New York’s Intrepid Museum is hosting from May 23 Apollo events by honoring Margaret Hamilton, a software engineer with Apollo’s Lifetime Achievement Award. The engineer had led the programmers’ team who operated computers on landing module and command module of the mission of Apollo 11. When Hamilton started her career, this field was in such a nascent stage that ‘software engineering’ was not there. This term was coined by Hamilton.
During her awards speech, Hamilton said that the experience of software was very exciting. She added that as developers they had the chance to make all kinds of error possible humanly. All these errors were clearly made before the launch of Apollo 11. She said that as she and her colleagues were very conscious that the software needed to be extremely well-tuned as lives of astronauts was at stake. Hamilton added that the software should be ultra-reliable and it needs to be capable enough to detect error and also recover from the error in time. She added that there are issues that need to be resolved; issues that had never been solved before.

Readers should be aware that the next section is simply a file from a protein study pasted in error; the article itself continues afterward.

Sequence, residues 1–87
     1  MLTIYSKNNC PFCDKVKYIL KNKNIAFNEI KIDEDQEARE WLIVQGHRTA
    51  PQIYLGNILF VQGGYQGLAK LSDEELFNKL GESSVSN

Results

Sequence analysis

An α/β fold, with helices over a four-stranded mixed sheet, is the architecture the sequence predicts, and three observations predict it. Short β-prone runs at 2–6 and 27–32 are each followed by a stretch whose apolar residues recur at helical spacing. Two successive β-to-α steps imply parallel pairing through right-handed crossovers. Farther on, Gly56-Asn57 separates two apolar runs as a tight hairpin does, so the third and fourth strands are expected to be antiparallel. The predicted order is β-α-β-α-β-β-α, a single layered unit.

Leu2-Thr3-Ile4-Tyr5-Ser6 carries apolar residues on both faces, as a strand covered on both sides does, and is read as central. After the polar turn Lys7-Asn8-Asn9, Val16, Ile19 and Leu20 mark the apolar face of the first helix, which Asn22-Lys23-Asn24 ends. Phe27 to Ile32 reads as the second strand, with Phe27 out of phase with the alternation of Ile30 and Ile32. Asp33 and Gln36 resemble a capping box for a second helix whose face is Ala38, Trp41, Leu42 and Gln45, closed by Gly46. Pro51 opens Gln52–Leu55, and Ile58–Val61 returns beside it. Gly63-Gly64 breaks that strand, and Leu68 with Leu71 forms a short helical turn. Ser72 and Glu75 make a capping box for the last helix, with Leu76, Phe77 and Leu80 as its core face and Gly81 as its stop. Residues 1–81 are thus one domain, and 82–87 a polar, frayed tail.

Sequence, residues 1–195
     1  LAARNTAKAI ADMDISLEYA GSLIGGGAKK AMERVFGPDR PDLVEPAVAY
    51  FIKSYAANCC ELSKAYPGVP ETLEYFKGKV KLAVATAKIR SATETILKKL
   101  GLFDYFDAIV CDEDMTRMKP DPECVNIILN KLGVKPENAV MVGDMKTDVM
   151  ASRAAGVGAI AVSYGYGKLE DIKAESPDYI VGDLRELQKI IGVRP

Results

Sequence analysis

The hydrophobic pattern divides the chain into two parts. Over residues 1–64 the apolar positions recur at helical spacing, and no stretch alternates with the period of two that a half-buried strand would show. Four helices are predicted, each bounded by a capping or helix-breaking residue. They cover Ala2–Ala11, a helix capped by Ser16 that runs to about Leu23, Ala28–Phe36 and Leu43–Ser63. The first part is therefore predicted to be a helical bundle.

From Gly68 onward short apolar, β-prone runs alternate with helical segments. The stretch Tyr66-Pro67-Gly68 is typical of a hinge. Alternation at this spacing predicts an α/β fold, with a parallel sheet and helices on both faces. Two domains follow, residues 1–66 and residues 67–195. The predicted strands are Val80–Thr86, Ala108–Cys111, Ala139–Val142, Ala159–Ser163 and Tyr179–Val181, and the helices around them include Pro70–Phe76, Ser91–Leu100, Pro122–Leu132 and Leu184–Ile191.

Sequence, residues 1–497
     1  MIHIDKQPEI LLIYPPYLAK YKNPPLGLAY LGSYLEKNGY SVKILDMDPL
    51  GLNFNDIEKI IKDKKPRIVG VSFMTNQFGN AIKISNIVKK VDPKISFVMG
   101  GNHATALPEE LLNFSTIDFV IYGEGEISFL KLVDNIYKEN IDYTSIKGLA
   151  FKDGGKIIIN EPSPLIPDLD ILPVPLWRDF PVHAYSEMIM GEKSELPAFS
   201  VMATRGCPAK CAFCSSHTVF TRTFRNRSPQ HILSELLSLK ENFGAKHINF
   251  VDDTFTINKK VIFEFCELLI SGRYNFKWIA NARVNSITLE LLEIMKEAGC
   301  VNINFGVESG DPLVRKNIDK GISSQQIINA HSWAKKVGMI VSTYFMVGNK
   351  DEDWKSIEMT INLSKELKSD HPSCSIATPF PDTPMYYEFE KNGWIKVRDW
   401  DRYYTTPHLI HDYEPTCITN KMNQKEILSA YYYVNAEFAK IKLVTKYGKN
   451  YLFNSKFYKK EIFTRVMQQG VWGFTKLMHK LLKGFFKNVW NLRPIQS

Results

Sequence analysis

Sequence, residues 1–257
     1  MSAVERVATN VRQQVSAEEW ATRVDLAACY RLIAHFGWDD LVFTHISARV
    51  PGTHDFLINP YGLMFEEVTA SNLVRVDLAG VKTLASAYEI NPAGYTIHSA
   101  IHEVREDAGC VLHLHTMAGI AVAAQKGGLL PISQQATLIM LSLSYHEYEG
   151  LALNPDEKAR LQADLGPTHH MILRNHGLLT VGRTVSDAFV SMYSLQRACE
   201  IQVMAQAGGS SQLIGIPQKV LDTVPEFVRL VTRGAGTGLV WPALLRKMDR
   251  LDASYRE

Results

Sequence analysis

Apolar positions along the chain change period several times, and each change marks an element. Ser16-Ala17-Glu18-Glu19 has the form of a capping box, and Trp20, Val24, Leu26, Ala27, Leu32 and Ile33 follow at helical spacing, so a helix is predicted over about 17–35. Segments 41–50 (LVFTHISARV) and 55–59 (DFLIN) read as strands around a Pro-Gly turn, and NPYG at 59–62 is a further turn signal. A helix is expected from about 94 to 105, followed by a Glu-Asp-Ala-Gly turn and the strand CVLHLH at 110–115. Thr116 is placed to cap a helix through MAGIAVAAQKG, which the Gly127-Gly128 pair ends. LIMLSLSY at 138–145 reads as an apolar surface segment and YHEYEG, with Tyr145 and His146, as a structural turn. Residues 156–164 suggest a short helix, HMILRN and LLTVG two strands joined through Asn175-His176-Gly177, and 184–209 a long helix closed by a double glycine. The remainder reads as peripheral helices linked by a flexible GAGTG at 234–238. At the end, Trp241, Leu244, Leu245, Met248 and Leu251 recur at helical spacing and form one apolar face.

Hamilton recounted the mission’s major point, when astronauts Buzz Aldrin and Neil Armstrong were getting ready to touch down. She said that everything was perfect and Walter Cronkite had been reporting in detail the mission. This was when suddenly an unexpected thing happened. Right when the astronauts were landing on moon, the priority displays of the software interrupted the normal displays of the mission and it replaced the displays with priority alarm to warn that they had encountered an emergency situation.
A switch triggered this alert which was misaligned and the astronauts fixed the problem and they landed safely. Hamilton said that the astronauts of Apollo 11 were the first humans who walked on moon. She added that their software was the first one to function on moon.